"He who comes to (pros) Me shall never hunger, and he who believes in (eis) Me shall never thirst."

Jesus will come in to where the receptive person is (not inside him) to eat together with him. The imagery of eating together is a common biblical and cultural picture of fellowship. The reward of sitting with Jesus on His throne is not a result of salvation, but a reward for the conquering or victorious Christian (v. 21).


Some will say, "But are we not supposed to ask Jesus for eternal life as indicated by John 4:10? Yes, for eternal life; but there is no biblical precedent for asking Jesus "to come into your heart." Ask is an analogy for believing. Others may also refer to John 1:12 to say we must receive Christ. But that verse uses receiving Christ for the result of salvation, not the means of salvation, which is to "believe in His name." Others might argue that many people get saved by asking Jesus into their heart. We would respond that if they were saved, it is because they also understood and believed the gospel. No one can be saved by only asking Jesus into his or her heart. We would also add that there are many people without assurance of salvation because they responded to this confusing invitation.


When presenting the gospel, we should be as biblical and as clear as possible. We have an overwhelming biblical basis for telling people to believe in the Lord Jesus Christ as the One who died for our sins, rose again, and guarantees our eternal salvation. There is no good reasons to use the confusing gospel-evading, and unbiblical invitation to "Ask Jesus into your heart."

November 19, 2014

Reexamining an Often-Overlooked Kingdom Passage—Genesis 1:26-28

Michael VlachDr. Michael J. Vlach

As I study God's kingdom program I am struck by the importance of Gen 1:26-28. I often don't see this passage brought up in discussions of the kingdom of God or millennium. But its importance is front and center for the kingdom issue and we all should wrestle with its implications.

Here we are told that man is made in the "image" and "likeness" of God. To be made in the image and likeness of God means that man is a son and a king. He is like God in some ways (although not God), and he represents God.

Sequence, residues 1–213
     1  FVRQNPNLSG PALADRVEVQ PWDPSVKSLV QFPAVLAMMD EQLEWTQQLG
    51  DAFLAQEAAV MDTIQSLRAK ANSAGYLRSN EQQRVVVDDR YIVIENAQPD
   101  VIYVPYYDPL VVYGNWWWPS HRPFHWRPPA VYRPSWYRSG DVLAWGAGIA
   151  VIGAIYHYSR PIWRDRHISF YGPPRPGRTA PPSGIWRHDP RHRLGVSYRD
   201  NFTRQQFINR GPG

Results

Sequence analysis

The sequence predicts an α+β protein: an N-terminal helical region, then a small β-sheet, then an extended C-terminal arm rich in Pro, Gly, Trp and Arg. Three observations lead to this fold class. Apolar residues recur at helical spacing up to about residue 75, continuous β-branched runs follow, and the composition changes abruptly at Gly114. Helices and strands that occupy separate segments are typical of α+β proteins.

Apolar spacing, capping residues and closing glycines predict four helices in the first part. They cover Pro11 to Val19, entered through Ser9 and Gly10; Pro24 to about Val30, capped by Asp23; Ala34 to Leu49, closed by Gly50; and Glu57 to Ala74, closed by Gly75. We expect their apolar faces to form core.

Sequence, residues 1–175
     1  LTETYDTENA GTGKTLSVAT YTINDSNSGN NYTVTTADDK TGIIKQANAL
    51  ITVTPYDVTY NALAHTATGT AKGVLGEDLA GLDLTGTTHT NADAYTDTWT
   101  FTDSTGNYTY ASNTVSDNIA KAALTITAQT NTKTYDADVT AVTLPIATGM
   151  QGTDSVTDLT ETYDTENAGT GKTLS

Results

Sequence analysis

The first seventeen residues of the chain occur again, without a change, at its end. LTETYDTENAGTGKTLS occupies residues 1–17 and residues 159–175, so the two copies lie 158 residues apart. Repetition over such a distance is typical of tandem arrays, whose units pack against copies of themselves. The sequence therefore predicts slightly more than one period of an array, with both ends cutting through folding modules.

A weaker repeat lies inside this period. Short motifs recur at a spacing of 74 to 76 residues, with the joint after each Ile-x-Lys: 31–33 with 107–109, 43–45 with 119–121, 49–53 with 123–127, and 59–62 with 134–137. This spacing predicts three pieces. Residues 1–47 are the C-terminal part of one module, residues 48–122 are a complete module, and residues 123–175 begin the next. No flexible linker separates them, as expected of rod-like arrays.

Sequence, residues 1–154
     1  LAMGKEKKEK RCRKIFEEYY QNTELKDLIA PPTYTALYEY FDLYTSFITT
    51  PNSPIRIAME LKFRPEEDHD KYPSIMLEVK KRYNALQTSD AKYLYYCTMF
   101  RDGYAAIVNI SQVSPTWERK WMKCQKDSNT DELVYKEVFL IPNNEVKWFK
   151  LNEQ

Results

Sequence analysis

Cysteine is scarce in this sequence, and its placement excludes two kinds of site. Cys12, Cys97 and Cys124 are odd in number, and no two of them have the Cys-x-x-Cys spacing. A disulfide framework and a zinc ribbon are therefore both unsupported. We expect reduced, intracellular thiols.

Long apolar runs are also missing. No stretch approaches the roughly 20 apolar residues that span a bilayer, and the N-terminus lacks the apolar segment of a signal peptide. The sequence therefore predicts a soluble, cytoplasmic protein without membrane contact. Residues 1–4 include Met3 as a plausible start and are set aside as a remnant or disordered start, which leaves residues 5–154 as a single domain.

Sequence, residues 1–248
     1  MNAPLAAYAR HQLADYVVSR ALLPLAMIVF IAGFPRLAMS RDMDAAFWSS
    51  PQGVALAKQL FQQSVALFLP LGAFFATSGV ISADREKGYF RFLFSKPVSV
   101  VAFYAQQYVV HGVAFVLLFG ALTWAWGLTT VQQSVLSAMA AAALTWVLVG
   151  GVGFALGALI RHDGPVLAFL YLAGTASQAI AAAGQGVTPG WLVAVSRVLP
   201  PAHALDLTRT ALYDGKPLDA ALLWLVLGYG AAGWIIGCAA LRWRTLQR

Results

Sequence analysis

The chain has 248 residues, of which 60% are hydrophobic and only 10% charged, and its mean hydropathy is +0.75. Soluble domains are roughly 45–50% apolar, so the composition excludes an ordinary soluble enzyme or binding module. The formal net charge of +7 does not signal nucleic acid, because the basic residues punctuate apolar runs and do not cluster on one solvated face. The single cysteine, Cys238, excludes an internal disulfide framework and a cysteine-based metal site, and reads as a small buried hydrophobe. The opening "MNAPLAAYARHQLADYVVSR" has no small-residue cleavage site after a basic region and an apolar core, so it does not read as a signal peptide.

And since man is made in God's image he has an important function. In addition to multiplying and filling the earth, He is to "rule" and "subdue" the earth and its creatures:

"Then God said, 'Let Us make man in Our image, according to Our likeness; and let them rule over the fish of the sea and over the birds of the sky and over the cattle and over all the earth, and over every creeping thing that creeps on the earth.'" (Gen 1:26)

"...subdue it; and rule over the fish of the sea and over the birds of the sky and over every living thing that moves on the earth." (Gen 1:28b)

Kingdom Mandate

The "Kingdom Mandate"

As one made in the image of God, man is a king and vice-regent tasked by God to rule over God's "very good" creation (Gen 1:31). Some have called this task the "cultural mandate." Others refer to it as the "creation mandate." I like to call it the "kingdom mandate." God the ultimate King tasks man as a vice-regent and king to rule over the realm of His creation. This passage has kingdom fingerprints all over it.

There are many truths found in Gen 1:26-28 and we cannot survey them all here. But we do see one very important thing. The primary task of man is to rule and subdue the earth for God's glory. We know that with the Fall of Genesis 3 man not only died in his relationship with God, he utterly failed the kingdom mandate. Instead of man successfully ruling from and over the realm of earth, the cursed ground would now frustrate him with thorns and thistles and eventually swallow him up in death. Even to this day we experience the turmoil of a creation that often works against man bringing disaster and death. Man certainly has successes at times with technological and medical innovations but is far from having a successful reign over the planet. In fact sinful man often uses his ingenuity for purposes that are harmful to both people and nature. We are hard pressed to claim that mankind is fulfilling the rule and subdue mandate successfully. It is not happening today.

But does man's failure remove his God-given task to rule and subdue the earth? The answer is clearly no. Psalm 8:5-8, which is a commentary on Gen 1:26-28, shows that the right to rule the earth still belongs to man. The text states:

Yet You have made him a little lower than God, And You crown him with glory and majesty! You make him to rule over the works of Your hands; You have put all things under his feet, All sheep and oxen, And also the beasts of the field, The birds of the heavens and the fish of the sea, Whatever passes through the paths of the seas.